Do you know what it means when a printer asks you if your project bleeds?wpcdba0f65_06

When quoting a job, one of the factors we take into consideration is whether or not the project has a Bleed. For anyone not involved in printing or designing print pieces, it may sound a bit gruesome, but really it’s nothing to get faint about. Simply put, bleed is the printing term for any color or image that goes right to the edge of the paper. 

Standard printing equipment is not able to print exactly to the edge of a sheet of paper/card, so to achieve this look it is necessary to print a slightly larger area than is needed and then trim the paper/card down to the required finished size. That area is referred to as the bleed.

Images, background images and fills which are intended to go to the edge of the page must be extended at least 1/8″ (.125″) beyond the trim line in the digital file. So, the print ready file size will be equal to the final trim size plus .25” to accommodate the bleed. For instance, a PDF for a 4” x 6” postcard with bleed should be set up to measure 4.25” x 6.25” to be print ready.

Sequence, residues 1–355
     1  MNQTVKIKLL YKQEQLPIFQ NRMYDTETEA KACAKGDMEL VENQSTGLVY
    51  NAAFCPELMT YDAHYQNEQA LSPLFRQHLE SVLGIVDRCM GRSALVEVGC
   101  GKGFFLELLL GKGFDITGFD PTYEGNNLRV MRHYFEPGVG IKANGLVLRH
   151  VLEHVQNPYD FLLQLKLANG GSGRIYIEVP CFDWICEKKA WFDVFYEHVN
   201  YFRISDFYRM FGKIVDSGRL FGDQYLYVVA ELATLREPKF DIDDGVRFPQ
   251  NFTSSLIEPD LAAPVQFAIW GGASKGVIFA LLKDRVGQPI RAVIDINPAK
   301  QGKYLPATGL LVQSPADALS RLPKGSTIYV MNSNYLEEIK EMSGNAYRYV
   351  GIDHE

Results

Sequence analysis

This bleed area is important because it gives us a small amount of space to account for movement of the paper during the printing and/or cutting process and ensures that no slight white edges occur on the final trimmed document. 

You will also want to incorporate a ¼” safe area inside the trim line for any text and images you want fully displayed. Items placed closer than .25” are in danger of being trimmed off or showing inconsistent margins.

In the example below, the bleed area (shown in dark green) extends .125″ beyond the trim edge of the page (represented by the pink line).